November 24, 2014
Shouldn’t Ebola Infection Control Be More Than Just A “Good Crisis”?
By Michael D. Shaw
As with so many juicy quotations, the attribution to Winston Churchill of “Never let a good crisis go to waste” is now doubtful. Regardless of whether the credit belongs to Churchill or Rahm Emanuel, no one can deny that the principle is frequently taken to heart. As to Ebola, one of the first to take advantage of the crisis was Francis Collins, director of NIH, who rather absurdly claimed that the agency’s problems in fighting the disease have been hampered by a series of budget cuts.
Straightaway, he was contradicted by Anthony Fauci, head of the National Institute of Allergy and Infectious Diseases. And, the related political ad “Republican cuts kill” was given a four (out of a possible four) “Pinocchio” rating by Washington Post Fact Checker Glenn Kessler. Four Pinocchios means the statement is a “whopper.”
Far be it from me to defend Collins, but his crisis-jumping was a one shot affair. Too bad the same cannot be said of the ongoing Ebola-fueled campaign launched by the National Nurses United (NNU). Why, NNU is so interested in patient care that they…went on strike against Kaiser Permanente in Northern California for two days, because Kaiser “continued to stonewall on dozens of proposals to improve patient care standards, as well as refusing to address the concern of Kaiser RNs about Ebola safety protocols and protective equipment, refusing to even answer questions by the RNs.”
Additional strikes were planned for Washington’s Providence Hospital, and facilities in Augusta, GA; Bar Harbor, ME; Boston, and Chicago.
Not surprisingly, Kaiser had a somewhat different point of view. According to spokesman John Nelson, “We are training our staff on how to use the right protective gear, to make sure they know how to use it. We have repeatedly asked union leadership to work with us on our Ebola strategy. They have refused. Instead, they continue to hold press conferences claiming hospitals are unprepared for Ebola.”
Strangely, NNU did not mention in its multiple press releases that the union’s contract with Kaiser expired in August and was extended until October. So, as noted by columnist Daniel Greenfield, “This is really about leverage in contract negotiations while using Ebola to scare people.”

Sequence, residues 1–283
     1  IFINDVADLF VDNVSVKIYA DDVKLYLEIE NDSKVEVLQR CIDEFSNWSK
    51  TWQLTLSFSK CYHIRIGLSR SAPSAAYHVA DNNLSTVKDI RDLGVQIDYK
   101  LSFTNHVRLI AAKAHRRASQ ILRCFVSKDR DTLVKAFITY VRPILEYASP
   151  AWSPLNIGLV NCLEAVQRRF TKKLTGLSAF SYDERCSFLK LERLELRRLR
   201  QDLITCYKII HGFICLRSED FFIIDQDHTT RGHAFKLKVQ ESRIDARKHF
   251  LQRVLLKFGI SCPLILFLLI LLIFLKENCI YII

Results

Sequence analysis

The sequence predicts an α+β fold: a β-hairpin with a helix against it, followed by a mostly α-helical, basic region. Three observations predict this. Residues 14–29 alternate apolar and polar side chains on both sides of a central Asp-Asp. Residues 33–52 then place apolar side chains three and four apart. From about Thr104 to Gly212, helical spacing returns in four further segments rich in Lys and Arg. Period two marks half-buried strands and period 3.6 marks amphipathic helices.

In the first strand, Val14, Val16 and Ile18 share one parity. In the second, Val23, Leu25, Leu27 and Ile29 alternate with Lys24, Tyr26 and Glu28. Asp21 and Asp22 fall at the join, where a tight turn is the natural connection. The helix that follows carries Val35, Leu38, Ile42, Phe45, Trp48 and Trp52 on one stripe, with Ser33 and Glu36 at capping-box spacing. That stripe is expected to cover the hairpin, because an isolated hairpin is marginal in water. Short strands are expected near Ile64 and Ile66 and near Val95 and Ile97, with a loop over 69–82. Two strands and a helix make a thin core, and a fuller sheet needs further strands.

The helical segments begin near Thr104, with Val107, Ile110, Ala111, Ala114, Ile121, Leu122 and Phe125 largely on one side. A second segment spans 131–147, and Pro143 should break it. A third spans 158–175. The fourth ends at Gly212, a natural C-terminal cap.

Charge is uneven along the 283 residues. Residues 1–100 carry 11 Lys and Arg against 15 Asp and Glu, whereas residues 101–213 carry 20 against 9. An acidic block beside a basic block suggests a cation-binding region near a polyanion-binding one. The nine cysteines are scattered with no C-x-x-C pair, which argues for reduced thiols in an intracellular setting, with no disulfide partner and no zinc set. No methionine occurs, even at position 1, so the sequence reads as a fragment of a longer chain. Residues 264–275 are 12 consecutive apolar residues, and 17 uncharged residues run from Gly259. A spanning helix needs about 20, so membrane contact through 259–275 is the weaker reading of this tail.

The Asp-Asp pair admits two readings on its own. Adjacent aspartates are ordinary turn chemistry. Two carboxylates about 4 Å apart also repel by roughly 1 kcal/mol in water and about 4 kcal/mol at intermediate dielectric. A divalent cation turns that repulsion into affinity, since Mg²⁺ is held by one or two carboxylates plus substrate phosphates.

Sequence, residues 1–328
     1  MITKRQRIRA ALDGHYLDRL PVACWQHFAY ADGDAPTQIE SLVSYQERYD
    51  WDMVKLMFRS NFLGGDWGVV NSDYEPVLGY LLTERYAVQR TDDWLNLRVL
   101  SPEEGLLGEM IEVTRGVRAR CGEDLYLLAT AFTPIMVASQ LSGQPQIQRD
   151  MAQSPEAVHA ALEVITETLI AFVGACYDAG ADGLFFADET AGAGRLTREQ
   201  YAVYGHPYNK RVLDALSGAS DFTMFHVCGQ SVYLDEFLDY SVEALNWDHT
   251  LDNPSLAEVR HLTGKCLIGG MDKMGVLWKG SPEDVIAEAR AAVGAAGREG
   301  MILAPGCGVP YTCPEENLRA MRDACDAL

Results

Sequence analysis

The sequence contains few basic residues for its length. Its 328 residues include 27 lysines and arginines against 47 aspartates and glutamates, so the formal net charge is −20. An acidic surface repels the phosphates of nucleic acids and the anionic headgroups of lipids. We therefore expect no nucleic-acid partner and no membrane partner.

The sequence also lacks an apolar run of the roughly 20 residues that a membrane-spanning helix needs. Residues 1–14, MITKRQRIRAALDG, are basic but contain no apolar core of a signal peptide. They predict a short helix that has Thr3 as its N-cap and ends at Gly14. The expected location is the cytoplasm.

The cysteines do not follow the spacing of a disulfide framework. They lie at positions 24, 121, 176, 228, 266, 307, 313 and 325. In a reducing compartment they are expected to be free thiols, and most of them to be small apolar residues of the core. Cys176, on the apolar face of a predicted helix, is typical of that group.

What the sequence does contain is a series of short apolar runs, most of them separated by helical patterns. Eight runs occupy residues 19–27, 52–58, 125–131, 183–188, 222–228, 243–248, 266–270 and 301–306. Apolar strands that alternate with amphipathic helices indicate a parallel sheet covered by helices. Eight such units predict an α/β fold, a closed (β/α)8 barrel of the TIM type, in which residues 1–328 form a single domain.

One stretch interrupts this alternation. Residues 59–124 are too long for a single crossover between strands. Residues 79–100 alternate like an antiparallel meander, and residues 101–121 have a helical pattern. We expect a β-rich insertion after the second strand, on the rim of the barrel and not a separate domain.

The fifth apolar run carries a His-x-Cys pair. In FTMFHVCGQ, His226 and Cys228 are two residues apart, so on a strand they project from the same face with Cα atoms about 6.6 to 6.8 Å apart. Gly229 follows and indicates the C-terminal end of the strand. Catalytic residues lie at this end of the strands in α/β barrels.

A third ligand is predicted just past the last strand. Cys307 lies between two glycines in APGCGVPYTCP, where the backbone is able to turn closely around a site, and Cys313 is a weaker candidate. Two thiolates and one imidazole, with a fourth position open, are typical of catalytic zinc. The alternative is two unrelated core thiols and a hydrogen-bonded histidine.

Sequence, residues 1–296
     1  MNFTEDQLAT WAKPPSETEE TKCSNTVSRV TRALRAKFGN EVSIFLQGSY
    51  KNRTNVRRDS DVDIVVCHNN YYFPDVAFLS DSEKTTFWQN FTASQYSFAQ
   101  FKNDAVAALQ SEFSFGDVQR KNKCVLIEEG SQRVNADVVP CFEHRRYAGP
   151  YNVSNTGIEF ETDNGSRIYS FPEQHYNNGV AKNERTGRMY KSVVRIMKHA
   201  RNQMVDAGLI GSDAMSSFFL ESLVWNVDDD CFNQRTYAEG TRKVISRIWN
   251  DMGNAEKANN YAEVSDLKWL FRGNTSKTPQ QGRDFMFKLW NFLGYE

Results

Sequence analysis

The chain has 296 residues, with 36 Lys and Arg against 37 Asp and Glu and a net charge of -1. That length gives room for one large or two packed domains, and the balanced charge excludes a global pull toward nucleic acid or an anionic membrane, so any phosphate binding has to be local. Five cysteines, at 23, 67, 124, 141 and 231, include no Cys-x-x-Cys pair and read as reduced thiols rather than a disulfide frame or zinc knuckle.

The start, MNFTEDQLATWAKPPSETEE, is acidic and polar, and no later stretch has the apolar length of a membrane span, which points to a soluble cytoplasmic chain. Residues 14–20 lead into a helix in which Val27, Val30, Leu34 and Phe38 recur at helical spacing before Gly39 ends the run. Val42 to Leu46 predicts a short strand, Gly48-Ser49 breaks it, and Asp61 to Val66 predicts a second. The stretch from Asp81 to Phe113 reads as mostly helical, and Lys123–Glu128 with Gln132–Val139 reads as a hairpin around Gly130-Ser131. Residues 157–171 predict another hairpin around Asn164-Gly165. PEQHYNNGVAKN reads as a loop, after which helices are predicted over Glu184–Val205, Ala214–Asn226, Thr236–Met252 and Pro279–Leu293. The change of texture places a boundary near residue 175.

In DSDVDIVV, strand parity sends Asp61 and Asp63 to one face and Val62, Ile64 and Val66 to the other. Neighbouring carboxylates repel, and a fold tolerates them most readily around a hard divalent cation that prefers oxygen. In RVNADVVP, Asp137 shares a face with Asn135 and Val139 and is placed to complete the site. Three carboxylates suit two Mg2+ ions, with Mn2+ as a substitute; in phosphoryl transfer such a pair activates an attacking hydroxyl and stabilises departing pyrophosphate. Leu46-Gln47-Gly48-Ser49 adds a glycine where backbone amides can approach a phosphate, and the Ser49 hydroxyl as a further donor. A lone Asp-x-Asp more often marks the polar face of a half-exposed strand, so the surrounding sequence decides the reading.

Greenfield also counts up some other NNU activities: It fought to allow schools to bill children for services provided to them by school RNs, and moved to prevent community colleges from teaching nursing, or to allow athletic trainers to work with patients. For sure, it’s all about the welfare of the patients. NNU bolsters its Leftist bona fides by supporting a ban on fracking, and being in favor of the truly delusional Robin Hood Tax.
Interestingly, unlike nearly all other unions, NNU was not in favor of Obamacare. Rather, betraying an agenda more radical than its peers, they wanted to jump directly to single payer. Think about that one for a moment. No one in a generation has argued that single payer leads to better patient care. Lower costs…maybe. Is there any doubt that the real goal is to create a gigantic public employee’s nurses’ union?
As if to prove the notion that “Even a broken clock is right twice a day,” NNU did come out against the insane rush toward electronic health records. But, if you read between the lines, their opposition was not so much about the myriad of problems with EHRs. No, it was really that NNU resented hospitals spending billions on EHRs, and not on their members.
Getting back to infection control, we are forced to take NNU’s concern about Ebola with a few grains of salt, in that they are opposed to mandatory flu vaccinations for their members. Apparently, the thankfully rare Ebola is a crisis. Herd immunity to the ubiquitous influenza virus in a hospital, populated with immunocompromised patients, not so much.
Meanwhile, hospitals are moving as quickly as possible to comply with the rapidly changing CDC guidelines. And, they are doing this with virtually no new funding—although it is being requested. Consider the case of Bellevue Hospital Center in New York, where Dr. Craig Spencer of Doctors Without Borders was being treated for Ebola. Each day, several 55-gallon drums of Ebola-related medical waste were being produced, costing an astonishing $100,000 per day, for proper disposal.
While there were missteps in Texas with the tragic case of Thomas Eric Duncan, fear of Ebola has over-hyped the characterization of the U.S. health systems—both at the national (CDC) and local (hospital) levels—as being unprepared and ill-equipped to manage Ebola. It is long past time to rely on factual, science-based findings to deal with Ebola, as well as any other health crisis that may arise.
What is definitely not needed is a fear-driven campaign, cynically created to advance greedy special interests.